Resistance in the United States will come from those single-entry bookkeepers in American business and-labor who fear that an expansion of Third World intellectual capital will just mean more competition. Do we really want Peruvians to be manufacturing steel instead of catching anchovies? It is this fear of the Third World that led the U.S. Congress in 1976 to change the tax treatment of U.S. citizens working abroad, increasing the burden on them to such levels that, when it takes full effect, the intellectual capital we had been privately exporting will be forced home. Little Smoot-Hawley bills are passing through Congress, with the Democratic Party now doing the damage.

The Republican Party is now in dismal condition. But if there is to be a Pax Americana during the next century, its foundation will rest on a Republican renaissance. The solutions to domestic and global economic problems now require primary commitments to income growth, not redistribution, and the GOP will always win a competition with the Democrats over which is more passionate over growth. The decline and fall of the GOP since 1930 resulted not from its lack of passion, but from its failure to understand the nature of the Laffer Curve. Its worst mistake, of course, was to expand the international wedge via Smoot-Hawley in 1930. Then, when it had learned from this mistake and became an internationalist party instead of an isolationist one, it somehow forgot the nature of the domestic wedge. Now only 17 percent of American voters are willing to say they are Republicans. The decline began in earnest when, in 1953, President Eisenhower killed H.R. 1, the GOP bill providing for a 20 percent across-the-board tax cut on personal incomes. The growth prescription of tax-rate cutting was not picked up again by a Republican until 1974, when Representative Jack F. Kemp of Buffalo, New York began promoting the idea. It was only after the Republicans lost the White House that Kemp began enjoying success in selling his plan, which was adopted formally by the Republican National Committee in New Orleans, Louisiana, on September 30, 1977. This was the necessary first step toward a renaissance of the GOP.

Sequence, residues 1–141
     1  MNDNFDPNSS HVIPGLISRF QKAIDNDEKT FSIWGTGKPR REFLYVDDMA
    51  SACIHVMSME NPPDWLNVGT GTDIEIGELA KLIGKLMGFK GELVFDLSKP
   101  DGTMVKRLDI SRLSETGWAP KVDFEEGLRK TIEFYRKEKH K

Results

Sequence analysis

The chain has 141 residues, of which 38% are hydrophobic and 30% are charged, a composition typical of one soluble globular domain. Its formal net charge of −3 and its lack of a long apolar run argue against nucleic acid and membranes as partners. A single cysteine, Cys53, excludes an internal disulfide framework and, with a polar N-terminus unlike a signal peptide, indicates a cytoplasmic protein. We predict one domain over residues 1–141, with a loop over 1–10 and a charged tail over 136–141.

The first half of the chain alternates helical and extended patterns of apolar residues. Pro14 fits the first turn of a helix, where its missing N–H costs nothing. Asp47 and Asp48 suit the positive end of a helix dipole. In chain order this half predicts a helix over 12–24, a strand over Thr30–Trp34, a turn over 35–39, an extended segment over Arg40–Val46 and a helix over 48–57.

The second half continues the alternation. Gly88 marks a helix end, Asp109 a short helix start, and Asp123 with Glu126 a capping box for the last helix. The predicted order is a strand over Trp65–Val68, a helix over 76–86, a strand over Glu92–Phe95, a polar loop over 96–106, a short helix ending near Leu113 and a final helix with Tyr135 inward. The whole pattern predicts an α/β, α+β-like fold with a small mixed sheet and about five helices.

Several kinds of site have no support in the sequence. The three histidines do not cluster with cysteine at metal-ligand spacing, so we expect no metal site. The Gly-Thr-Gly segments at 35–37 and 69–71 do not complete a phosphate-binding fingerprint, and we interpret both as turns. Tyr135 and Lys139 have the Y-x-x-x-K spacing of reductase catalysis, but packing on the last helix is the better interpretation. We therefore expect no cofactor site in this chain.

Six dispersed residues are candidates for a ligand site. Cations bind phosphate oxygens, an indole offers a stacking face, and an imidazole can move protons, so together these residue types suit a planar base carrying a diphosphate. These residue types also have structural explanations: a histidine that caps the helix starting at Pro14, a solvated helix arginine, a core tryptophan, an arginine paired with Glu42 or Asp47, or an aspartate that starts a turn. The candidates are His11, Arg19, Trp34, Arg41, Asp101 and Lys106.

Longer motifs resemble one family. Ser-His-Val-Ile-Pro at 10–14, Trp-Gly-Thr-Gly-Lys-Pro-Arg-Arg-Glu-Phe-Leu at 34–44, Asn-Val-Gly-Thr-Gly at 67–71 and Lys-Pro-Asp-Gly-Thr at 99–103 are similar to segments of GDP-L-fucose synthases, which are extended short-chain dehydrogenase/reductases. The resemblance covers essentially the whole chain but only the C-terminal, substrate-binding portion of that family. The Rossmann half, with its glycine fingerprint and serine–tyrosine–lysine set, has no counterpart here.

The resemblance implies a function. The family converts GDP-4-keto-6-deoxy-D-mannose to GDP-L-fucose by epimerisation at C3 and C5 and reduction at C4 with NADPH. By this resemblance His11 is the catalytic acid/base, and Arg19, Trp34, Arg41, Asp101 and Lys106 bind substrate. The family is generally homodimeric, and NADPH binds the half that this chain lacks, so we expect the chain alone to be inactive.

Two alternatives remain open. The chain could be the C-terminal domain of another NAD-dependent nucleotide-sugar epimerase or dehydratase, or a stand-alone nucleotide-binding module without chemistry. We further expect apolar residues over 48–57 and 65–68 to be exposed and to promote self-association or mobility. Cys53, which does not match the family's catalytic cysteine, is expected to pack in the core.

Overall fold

The model of the global political economy presented in this book is meant only as a framework of ideas for global policymakers. The author does not pretend that it is a "correct" model, but offers it merely as one that he has found more reliable than competing models as a way of looking at the world. And it is meant as an analytical tool rather than a forecasting tool.